Over the summer, I conducted a 12-week research project with the Duke Cosmology Group. I specifically worked with Erik Peterson, a PhD candidate, and Dr. Dan Scolnic, to evaluate supernova 'siblings', which are supernovae within the same galaxy. A supernova is an extremely bright explosion which generally explodes the same way each time. We can use these bursts of light (which we deem 'standardizable candles') to measure distance and trace the expansion history of our universe. My project will be the first analysis of supernova siblings using near-infrared (NIR) data. I hope to publish a first-author paper within the coming months!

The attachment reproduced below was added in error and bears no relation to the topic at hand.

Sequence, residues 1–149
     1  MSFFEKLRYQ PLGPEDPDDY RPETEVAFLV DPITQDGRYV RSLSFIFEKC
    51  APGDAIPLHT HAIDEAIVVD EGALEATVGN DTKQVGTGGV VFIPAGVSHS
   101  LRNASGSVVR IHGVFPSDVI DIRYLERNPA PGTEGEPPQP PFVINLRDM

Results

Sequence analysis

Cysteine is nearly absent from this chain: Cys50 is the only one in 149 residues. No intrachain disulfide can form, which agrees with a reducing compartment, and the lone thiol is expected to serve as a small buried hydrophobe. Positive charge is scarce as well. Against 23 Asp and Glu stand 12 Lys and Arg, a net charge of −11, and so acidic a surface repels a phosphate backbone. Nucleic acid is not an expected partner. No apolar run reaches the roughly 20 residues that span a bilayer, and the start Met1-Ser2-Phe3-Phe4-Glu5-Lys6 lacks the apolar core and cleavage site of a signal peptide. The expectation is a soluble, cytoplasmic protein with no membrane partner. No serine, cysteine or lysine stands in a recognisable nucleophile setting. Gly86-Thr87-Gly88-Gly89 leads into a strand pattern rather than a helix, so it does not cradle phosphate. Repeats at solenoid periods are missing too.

In addition to participating in such a wonderful project, I also enjoyed being on campus (and at home) for most of the summer. I had the opportunity to connect with the graduate students and post docs on a much deeper level and gain insight into what graduate school may look like for me! I am extremely grateful to the amazing people that I interacted with and to the SPIRE program for its support throughout the summer.